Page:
colleagues in office

The Rise in Serverless

invocation volume chart
invocation growth graphic

Insights Snapshot

  • Serverless adoption continues to rise, with a 209% increase in average weekly invocations over the last 12 months.
  • Large spikes in invocations during the holiday season reinforce the serverless use case of auto-scaling to support peak holiday workloads across industries like retail, media, and logistics.

Serverless Spotlight: An Interview with Forrest Brazeal, Sr. Manager, A Cloud Guru

What are the biggest organizational challenges facing serverless adoption in 2020?

Commitment to the cloud or vendor-agnostic architectures as an ideological rather than practical choice continues to be the biggest organizational hurdle facing serverless adoption. Close behind that, the biggest challenge is simply providing the appropriate training and enablement for teams to feel confident building value in this new paradigm. It’s way too easy to get stuck for months (or even years) in “kick the tires” mode, unable or unwilling to pull the trigger.

What are the biggest technical challenges facing serverless adoption in 2020?

Many of the biggest technical challenges facing serverless in 2020 are common to distributed and microservices-based architectures in general. There is a huge backlog of legacy systems and codebases that have to be rewritten, and the tools to do it are not always as good or comprehensive as advertised.

Where do you see serverless heading in 2020?

I believe more “stateful” options will be added to Function-as-a-Service (FaaS) platforms, blurring the line further with managed container offerings like AWS Fargate. I also expect to see the continued abstraction of best practices into developer-friendly services like AWS Amplify. And, opposition to serverless adoption will solidify around business and organizational concerns, such as legacy inertia and the threat of vendor lockin, rather than strictly technical gaps.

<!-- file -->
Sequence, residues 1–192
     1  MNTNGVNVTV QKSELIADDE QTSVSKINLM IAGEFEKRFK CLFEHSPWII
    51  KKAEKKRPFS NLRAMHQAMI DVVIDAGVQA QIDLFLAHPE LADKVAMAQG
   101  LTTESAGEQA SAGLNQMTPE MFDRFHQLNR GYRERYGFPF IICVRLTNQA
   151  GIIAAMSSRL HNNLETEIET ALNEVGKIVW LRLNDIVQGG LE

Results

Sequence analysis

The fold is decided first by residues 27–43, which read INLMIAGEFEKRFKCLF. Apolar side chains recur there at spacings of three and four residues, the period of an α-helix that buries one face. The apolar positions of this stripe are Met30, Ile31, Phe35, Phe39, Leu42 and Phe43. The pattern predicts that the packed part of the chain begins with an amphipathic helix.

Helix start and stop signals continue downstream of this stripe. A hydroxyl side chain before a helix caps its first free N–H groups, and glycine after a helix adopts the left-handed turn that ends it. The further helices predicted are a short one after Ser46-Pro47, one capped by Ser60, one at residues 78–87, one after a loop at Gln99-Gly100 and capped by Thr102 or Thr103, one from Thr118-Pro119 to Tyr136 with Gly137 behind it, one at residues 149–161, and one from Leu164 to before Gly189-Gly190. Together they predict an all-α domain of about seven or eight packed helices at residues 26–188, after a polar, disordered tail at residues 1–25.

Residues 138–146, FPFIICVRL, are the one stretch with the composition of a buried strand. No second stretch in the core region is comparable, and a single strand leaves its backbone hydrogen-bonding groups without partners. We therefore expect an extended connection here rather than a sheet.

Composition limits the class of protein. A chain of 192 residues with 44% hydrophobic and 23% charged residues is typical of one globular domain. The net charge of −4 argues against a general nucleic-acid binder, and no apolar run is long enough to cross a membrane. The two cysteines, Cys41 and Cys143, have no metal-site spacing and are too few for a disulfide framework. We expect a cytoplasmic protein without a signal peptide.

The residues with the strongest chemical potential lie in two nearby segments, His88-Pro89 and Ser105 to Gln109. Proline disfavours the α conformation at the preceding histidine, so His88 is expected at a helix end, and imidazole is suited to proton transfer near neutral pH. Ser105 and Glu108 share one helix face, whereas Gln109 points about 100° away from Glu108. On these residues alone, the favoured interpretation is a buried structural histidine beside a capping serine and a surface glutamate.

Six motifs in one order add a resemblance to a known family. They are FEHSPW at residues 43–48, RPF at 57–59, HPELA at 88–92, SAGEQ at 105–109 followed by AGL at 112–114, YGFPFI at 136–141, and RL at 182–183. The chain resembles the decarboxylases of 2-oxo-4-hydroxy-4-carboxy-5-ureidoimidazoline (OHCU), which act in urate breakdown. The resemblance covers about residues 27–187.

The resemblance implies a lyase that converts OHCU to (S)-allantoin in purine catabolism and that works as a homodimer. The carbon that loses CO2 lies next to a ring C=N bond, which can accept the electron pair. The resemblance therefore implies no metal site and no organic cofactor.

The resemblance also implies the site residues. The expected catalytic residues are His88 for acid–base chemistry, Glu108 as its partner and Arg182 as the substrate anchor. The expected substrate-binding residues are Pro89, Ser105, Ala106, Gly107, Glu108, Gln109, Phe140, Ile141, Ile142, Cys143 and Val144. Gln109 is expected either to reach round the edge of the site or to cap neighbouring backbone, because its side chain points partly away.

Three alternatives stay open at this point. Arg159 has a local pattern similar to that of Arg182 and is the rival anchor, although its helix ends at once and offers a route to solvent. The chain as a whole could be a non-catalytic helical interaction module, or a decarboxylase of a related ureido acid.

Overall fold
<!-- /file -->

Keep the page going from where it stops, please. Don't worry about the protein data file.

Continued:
What do you think is the biggest serverless myth that persists?

That “going serverless” is primarily a technical decision. It is not. It is an organizational transformation that requires dev and ops teams to embrace new roles, security to grow comfortable with redistributed threat models, and business leadership to endorse and embrace the value created.

Lambda Adoption by Runtime

lambda adoption by runtime chart

Time frame July-December 2019

Insights Snapshot

  • In terms of functions, developers mostly rely on Node.js and Python for building serverless applications on Lambda, with Java as the third most-used runtime. However, with the AWS launch of Provisioned Concurrency mitigating cold start impacts and VPC improvements, making Lambda more attractive for enterprises that require isolated environments, we expect the adoption trends for Java to increase in 2020.
  • The large percentage of Java invocations for a relatively small number of related functions demonstrates a higher throughput based on organizations potentially focusing on data processing use cases in which cold starts could be less of an issue. In addition, evidence suggests that companies could be lift-and-shifting applications in the languages they are currently using.

Serverless Spotlight: An Interview with Dave Townsend, Principal Software Engineer, Matson

What are the biggest organizational challenges facing serverless adoption in 2020?

One of the challenges an organization will face in 2020, as it moves to more serverless workloads, is getting existing staff trained in this new way of doing things. It is a radical shift from how most shops are building applications today. The sooner you can start, the better. I think the best advice is to start small, iterate, and keep everyone involved. But definitely start now. In addition, specifically in larger organizations, getting senior management on board can be an important step. You may need to put on your selling hat and tell the story of why this is a good thing. You’ll want to have data to show; otherwise, it’s all talk.